by Howard Zinn and Tom Engelhardt
"......We can hardly ask for a more candid, blunter declaration of imperial design. It has been echoed in recent years by the intellectual handmaidens of the Bush administration, but with assurances that the motive of this "influence" is benign, that the "purposes" – whether in Luce's formulation or more recent ones – are noble, that this is an "imperialism lite." As George Bush said in his second inaugural address: "Spreading liberty around the world… is the calling of our time." The New York Times called that speech "striking for its idealism."
The American Empire has always been a bipartisan project – Democrats and Republicans have taken turns extending it, extolling it, justifying it. President Woodrow Wilson told graduates of the Naval Academy in 1914 (the year he bombarded Mexico) that the U.S. used "her Navy and her Army … as the instruments of civilization, not as the instruments of aggression." And Bill Clinton, in 1992, told West Point graduates: "The values you learned here … will be able to spread throughout the country and throughout the world."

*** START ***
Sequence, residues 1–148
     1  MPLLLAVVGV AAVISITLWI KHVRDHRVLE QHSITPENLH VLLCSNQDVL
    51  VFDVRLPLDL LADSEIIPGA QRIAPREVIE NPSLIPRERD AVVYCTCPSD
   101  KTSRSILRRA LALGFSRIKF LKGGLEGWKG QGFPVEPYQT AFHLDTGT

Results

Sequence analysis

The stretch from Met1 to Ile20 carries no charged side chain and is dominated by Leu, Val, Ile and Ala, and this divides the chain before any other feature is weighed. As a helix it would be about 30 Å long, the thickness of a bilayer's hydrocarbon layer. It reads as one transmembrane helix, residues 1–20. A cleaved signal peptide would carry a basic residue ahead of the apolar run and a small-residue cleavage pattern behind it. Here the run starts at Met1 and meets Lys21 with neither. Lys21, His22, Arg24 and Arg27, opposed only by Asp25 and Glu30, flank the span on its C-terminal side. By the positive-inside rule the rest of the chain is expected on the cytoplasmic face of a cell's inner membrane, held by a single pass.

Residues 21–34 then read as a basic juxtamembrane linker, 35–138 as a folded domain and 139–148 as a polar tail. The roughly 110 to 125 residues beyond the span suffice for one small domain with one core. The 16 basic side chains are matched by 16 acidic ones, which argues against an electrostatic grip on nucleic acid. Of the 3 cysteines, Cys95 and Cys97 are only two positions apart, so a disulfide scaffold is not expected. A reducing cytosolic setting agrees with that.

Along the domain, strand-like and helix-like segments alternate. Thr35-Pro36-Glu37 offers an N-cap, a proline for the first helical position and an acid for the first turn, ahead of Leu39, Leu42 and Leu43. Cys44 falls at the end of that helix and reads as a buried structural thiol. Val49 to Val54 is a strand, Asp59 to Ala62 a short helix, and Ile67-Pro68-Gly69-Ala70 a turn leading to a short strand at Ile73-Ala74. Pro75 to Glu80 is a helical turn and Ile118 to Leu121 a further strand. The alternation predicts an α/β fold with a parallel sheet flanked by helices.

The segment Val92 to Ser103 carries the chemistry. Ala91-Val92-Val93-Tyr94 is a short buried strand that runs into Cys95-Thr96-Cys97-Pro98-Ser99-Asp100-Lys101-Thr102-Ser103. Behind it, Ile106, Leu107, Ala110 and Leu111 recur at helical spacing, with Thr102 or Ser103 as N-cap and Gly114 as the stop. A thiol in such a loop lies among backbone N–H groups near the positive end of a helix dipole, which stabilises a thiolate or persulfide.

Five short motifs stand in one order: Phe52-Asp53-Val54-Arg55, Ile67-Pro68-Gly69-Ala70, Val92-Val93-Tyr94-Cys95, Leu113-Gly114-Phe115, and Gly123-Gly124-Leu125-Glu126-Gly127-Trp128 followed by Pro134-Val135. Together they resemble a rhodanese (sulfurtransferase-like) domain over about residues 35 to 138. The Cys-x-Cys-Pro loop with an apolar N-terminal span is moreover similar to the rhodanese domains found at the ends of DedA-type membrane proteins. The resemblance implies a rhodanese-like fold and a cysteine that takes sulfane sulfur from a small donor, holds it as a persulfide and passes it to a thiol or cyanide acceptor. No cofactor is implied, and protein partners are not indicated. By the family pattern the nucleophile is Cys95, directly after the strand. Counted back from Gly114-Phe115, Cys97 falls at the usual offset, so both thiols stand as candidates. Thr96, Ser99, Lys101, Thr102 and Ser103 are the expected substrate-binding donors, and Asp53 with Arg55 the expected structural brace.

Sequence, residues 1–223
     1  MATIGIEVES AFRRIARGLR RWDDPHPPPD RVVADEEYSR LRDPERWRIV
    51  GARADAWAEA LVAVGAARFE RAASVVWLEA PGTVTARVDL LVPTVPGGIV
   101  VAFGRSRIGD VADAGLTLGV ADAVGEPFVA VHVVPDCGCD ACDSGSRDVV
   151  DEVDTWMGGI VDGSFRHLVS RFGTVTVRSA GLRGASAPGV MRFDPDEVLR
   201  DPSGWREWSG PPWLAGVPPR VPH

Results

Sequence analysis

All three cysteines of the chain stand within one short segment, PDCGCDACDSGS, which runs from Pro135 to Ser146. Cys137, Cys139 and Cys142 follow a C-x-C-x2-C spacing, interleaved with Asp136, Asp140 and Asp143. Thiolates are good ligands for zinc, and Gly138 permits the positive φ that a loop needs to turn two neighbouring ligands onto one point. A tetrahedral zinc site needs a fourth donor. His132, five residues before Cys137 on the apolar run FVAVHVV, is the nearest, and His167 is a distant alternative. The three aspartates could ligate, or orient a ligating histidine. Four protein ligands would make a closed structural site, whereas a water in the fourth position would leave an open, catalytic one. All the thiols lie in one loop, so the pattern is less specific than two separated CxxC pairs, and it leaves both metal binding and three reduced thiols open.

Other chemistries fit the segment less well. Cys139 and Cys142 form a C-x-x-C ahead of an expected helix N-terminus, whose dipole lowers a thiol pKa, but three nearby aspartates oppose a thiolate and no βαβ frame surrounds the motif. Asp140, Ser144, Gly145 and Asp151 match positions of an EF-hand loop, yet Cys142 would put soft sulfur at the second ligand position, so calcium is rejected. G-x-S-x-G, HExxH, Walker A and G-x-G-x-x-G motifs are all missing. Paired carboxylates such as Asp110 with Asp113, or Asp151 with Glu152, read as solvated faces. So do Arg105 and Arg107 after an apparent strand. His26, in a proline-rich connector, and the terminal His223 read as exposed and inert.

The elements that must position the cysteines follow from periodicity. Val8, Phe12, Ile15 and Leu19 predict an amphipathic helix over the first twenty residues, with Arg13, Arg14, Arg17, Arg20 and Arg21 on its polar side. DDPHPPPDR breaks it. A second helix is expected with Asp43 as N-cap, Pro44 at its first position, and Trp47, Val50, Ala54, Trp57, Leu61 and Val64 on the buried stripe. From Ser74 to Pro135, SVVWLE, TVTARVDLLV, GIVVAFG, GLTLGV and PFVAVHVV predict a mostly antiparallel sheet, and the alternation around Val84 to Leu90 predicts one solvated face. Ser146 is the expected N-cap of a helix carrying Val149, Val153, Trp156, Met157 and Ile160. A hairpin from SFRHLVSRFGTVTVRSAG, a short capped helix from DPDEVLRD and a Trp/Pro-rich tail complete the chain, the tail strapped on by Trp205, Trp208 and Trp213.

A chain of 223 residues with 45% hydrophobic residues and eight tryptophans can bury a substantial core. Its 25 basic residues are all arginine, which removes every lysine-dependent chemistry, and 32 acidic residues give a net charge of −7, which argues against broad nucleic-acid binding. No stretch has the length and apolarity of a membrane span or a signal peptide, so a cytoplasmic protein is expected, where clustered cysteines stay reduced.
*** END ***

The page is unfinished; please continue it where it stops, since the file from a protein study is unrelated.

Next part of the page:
For the people of the United States, and indeed for people all over the world, those claims sooner or later are revealed to be false. The rhetoric, often persuasive on first hearing, soon becomes overwhelmed by horrors that can no longer be concealed: the bloody corpses of Iraq, the torn limbs of American GIs, the millions of families driven from their homes – in the Middle East and in the Mississippi Delta.
Have not the justifications for empire, embedded in our culture, assaulting our good sense – that war is necessary for security, that expansion is fundamental to civilization – begun to lose their hold on our minds? Have we reached a point in history where we are ready to embrace a new way of living in the world, expanding not our military power, but our humanity? "